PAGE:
During the EUEA round table «The future of energy storage systems (ESS)», participants had the opportunity to listen to the speech of Ihor Petryk, Director of European Market Development at Wärtsilä Energy Business, regarding energy transition practices and complex solutions using cogeneration.
Such cogeneration systems, which can provide heat supply and power grid support, should be used to develop a decentralized energy system and strengthen Ukraine’s energy security. In addition, several possible sources of income for such an installation, namely: sale of heat, sale of electricity (e/e) and the possibility of supplying back-up e/e to TPPs, make its business model attractive to investors.
In his speech, Ihor Petryk noted the following stages of the energy transition: 1- RES construction; 2- construction of balancing capacities; 3- removal of inflexible stations; 4- transition of balancing capacities to renewable fuel; 5- final abandonment of fossil fuels.
In addition, Mr. Petryk noted the advantages of the Plexos software complex, which allows highly accurate modeling and optimization of energy systems. This software can be used for energy systems of entire countries as well as for heating systems of cities, and allows for considering different options and finding the best combination of capacities to optimize the energy system.
Simplified example of modeling an optimal energy system:
Assuming a traditional energy system with a capacity of 100 MW (thermal, gas), its LCOE (levelized cost of electricity) is approximately 94 euro/MWh. If we want to transition to a carbon-free energy system, there are two options:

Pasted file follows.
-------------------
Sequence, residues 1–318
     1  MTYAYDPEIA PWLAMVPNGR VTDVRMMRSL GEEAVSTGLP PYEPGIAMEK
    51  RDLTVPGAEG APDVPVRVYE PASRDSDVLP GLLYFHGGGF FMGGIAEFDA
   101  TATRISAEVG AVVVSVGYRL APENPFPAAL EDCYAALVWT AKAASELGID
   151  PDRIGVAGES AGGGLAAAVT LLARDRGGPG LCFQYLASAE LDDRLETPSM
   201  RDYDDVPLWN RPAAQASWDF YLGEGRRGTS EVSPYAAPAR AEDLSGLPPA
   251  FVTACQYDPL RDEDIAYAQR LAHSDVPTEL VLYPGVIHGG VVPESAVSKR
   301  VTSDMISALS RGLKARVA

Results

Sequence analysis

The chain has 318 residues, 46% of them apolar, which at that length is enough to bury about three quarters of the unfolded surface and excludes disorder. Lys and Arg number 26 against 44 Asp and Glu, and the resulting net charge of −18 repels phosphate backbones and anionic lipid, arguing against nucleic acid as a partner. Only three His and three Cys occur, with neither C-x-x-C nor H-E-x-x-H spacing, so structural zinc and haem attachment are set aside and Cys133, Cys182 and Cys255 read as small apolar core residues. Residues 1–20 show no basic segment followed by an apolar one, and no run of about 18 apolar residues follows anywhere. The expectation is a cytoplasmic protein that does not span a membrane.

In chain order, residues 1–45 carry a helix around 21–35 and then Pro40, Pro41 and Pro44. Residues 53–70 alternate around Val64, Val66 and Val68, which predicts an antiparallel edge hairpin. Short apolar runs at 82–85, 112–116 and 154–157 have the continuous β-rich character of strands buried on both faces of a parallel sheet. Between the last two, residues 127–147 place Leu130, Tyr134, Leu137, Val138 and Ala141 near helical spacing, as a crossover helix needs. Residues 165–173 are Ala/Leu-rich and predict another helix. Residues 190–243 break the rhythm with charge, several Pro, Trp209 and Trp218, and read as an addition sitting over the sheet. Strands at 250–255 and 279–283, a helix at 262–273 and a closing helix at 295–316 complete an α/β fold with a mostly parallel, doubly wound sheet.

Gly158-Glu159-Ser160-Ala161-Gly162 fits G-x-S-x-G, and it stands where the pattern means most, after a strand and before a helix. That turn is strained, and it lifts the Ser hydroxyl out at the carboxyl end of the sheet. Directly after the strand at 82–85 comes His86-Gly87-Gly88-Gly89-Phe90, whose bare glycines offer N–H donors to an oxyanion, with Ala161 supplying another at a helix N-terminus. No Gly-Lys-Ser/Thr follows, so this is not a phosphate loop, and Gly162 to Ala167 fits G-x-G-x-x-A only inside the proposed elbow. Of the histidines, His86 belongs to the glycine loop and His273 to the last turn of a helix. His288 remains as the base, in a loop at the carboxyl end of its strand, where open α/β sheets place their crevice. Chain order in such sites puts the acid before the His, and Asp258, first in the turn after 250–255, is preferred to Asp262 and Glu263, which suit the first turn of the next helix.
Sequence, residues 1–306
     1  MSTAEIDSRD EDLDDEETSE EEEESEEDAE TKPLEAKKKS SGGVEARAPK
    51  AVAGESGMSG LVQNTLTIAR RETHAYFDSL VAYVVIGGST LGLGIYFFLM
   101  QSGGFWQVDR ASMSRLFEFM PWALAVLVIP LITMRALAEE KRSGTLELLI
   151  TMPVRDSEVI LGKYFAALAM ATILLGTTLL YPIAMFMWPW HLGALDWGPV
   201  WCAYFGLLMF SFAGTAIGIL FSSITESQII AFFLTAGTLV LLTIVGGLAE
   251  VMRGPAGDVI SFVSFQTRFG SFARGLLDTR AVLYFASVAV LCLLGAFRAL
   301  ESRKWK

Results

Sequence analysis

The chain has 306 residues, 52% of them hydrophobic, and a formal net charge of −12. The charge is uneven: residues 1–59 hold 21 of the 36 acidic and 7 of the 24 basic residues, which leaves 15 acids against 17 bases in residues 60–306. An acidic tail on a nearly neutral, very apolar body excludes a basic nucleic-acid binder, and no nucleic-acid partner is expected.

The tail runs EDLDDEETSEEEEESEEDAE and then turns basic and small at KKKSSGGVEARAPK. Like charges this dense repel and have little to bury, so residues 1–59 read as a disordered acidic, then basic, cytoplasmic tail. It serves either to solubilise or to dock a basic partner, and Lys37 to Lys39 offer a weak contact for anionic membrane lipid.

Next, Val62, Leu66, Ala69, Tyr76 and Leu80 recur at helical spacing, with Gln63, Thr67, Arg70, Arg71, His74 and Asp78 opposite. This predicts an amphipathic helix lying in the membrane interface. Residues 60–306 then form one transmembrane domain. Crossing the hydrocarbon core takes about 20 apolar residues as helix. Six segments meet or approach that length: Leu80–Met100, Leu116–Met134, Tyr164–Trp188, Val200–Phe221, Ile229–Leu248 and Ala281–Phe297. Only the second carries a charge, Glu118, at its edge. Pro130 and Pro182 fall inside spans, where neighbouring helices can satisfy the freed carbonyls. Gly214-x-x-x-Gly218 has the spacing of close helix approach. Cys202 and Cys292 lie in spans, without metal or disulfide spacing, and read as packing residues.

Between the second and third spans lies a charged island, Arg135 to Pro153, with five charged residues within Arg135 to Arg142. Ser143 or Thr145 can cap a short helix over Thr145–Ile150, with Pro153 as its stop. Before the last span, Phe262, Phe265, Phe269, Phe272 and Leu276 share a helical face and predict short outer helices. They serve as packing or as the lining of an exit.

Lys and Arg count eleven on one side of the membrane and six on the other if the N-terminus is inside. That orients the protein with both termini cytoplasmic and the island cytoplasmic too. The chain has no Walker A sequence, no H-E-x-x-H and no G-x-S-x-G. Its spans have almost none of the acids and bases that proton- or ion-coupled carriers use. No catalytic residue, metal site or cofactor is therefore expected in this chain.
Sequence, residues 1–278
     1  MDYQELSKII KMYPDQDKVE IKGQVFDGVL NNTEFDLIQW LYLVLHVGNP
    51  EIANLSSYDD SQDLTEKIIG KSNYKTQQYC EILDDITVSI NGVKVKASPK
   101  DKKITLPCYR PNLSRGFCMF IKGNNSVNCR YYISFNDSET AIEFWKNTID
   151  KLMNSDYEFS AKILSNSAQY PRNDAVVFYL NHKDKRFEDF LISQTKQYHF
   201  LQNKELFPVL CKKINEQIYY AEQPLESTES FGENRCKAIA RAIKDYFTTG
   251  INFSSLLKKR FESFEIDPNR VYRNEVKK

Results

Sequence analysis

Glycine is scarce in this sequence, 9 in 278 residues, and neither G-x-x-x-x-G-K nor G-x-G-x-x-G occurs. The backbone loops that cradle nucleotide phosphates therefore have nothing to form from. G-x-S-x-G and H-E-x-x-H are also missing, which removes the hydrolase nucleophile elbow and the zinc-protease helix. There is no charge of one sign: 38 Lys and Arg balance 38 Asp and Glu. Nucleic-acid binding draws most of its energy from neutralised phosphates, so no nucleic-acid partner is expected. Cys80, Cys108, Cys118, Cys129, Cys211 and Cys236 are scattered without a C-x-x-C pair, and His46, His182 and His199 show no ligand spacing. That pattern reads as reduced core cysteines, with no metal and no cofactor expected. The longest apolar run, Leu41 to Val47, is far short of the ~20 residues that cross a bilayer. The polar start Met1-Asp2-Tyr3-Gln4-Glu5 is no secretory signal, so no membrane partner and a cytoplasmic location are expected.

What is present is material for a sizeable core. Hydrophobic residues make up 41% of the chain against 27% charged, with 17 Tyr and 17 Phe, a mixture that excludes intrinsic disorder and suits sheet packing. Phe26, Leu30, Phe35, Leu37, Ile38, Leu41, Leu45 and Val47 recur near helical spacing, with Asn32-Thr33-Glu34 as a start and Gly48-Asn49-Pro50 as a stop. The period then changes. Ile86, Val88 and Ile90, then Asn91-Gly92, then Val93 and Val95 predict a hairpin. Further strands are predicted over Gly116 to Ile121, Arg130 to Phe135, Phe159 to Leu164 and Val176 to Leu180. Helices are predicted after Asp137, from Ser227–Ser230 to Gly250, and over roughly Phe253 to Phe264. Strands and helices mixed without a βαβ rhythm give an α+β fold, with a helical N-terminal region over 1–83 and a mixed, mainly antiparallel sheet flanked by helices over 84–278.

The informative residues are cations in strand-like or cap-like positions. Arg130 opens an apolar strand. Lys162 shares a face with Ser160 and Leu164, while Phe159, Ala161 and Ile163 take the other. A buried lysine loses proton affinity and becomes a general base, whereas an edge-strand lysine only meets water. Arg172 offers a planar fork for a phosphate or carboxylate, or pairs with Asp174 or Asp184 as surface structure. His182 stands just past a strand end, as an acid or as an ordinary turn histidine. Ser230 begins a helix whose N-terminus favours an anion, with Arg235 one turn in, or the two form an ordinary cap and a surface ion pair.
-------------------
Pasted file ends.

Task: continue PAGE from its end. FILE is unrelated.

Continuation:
- Option with renewable energy sources (RES): to cover the demand of the 100 MW TPP, it is necessary to build almost 7 times more wind power generation, as well as 4.5 GWh of batteries. The total cost of electricity will be 145 euro/MWh, taking into account only capital expenditures.
- Option with RES and maneuverable capacity: it is proposed to build a smaller amount of RES generators (170 MW), fewer batteries (160 MW) and a certain amount of gas piston capacity (74 MW). The total cost of electricity will be significantly lower – 61 euro/MWh. In this case, the energy system will achieve 76% renewable energy.
The second option uses the same technologies that will be used when transitioning to 100% decarbonization. In this case, it will be necessary to build electrolyzers (52 MW) for the production of synthetic fuel. The cost of electricity will be 82 euro/MWh.
This example illustrates the principle of prudence and the importance of considering the total cost of investment when transitioning to a carbon-free energy system.
Mr. Petryk also presented an example of the concept of a dynamic heat supply system developed for one of the regional centers of Ukraine and emphasized the relevance of thermal batteries and cogeneration plants in the construction of a decentralized energy system. Such a system consists of a combination of heat pumps, electric and gas boilers, wind turbines, a gas piston engine and a heat accumulator. This system has several advantages due to the availability of different power sources and electrical grid support functions.
Considering the current problems and needs of the energy system of Ukraine, such systems with a plurality of electric power sources and generating capacities provide an efficient economic model of operation, flexibility of generation and a network of decentralized energy systems.
An example of such a system can be viewed in the video recording of the webinar:
and in Mr. Petryk’s presentation: